4. ITB CAN BE LIKE A SKELETON IN THE CLOSET
After a few massage and osteopathy sessions, some rest and some kinesio tape here and there, I thought I was back on track and ready to race the World Championships on full gas. It all went well up until the end of the bike section. I was in the top ten of my age group, and even the first part of the run was going well. Then, at the 7-kilometre mark, the skeleton jumped out the closet.
The pain was getting more and more acute with each kilometre and, by the 15-km mark, it had become so intense that I was no longer able to run and, eventually, I was forced to walk to the finish line (a further 15 km). By this time, even walking had become difficult and I was a bit scared that there was something really wrong afoot. However, I knew that it was the same problem that I had experienced a few weeks earlier, just at a higher level.
5. ITB CAN BE TREATED THROUGH STRENGTH AND CONDITIONING
Back in London after the race, I decided to see Dermot, one of the physiotherapists at The Putney Clinic of Physical Therapy, to get more advice about what to do with my ITB. On top of the massage and osteopathy (which helped reduce the tightness in my muscles and restore a correct balance in my posture), Dermot gave me a protocol to reinforce my glutes (in particular my right glute), as this was probably one of the causes of my ITB pain.
I had to do a few exercises with resistance bands after running and cycling sessions (my keenness drove me to also do them after swimming sessions). This re-awoke a part of my body that had been in hibernation. During the previous months, I had “forgotten” my focus on core and strength sessions due to a hectic work and training schedule. As a result, my glutes had become completely weakened. Cycling and running in the wrong way for long periods of time (and at higher intensities), I started to overcompensate, which – in turn – contributed to making my injury worse.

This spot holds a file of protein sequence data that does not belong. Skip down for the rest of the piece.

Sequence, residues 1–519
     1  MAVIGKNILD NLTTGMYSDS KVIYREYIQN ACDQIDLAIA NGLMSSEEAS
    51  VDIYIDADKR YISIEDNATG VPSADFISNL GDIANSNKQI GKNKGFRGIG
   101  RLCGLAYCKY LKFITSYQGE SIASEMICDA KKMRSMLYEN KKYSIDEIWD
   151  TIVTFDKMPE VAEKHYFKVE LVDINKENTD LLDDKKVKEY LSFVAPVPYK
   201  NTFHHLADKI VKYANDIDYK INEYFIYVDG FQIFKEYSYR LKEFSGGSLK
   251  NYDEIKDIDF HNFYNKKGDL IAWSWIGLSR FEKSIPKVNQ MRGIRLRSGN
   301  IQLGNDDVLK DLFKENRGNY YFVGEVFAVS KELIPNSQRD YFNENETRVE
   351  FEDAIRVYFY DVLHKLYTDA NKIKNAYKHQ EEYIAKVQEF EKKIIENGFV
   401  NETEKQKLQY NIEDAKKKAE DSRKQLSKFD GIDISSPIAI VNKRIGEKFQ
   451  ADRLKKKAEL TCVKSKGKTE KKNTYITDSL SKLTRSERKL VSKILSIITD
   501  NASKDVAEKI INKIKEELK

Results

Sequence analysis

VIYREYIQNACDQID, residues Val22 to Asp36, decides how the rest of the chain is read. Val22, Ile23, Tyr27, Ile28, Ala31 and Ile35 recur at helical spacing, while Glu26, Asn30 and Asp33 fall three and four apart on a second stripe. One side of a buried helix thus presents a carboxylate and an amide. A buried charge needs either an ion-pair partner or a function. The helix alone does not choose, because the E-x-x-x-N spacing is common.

6. ITB (AND INJURIES) CAN TEACH YOU A LOT
Finally, after two months of worrying, being in a lot of pain, taking anti-inflammatories, having some very painful massages and some more relaxing osteopathy sessions, reading up online and beyond (I highly suggest Anatomy for Runners by Jay Dicharry), starting a lot of fun and useful exercises to reinforce some specific areas for running, experiencing some more pain, embarking on a new coaching routine and mindset, etc… I feel that my ITB problem has now almost gone 100%. I still feel that it can be like a skeleton in the closet, particularly if you do the wrong things over and over. However, I have definitely learnt a lot over this period and I will try to make the most out of this setback. After all, we learn from our mistakes.
IF IN DOUBT, CONSULT A PROFESSIONAL
The most important lesson to remember is that, as soon as you feel pain (that pain telling our brain something is not right), to book a session with a professional. Uncle Google may not be the most reliable way to finding out what to do.
If you are suffering from ITB or are looking to take up cycling and would like an examination to rule out any existing injuries, you can book an appointment with our team of Osteopaths and Physiotherapists. Book online or by calling us on 020 8789 3881. We also offer sports and therapeutic massage in 30, 45 and 60 minute time slots, all of which can be booked online. Consult our treatment fees page for prices.
ABOUT NICK BUSCA
Nick Busca is a freelance journalist based in London, focusing on sports (particularly cycling, triathlons and skiing), travel and foreign affairs. His work has been published in a variety of publications, including The Guardian, BBC Travel and CNN , and other sport themed websites.
Nick is also a Level 2 Triathlon Coach and has been regularly competing in triathlons since 2012 and has represented Team GB. In addition to this, he is a ski instructor.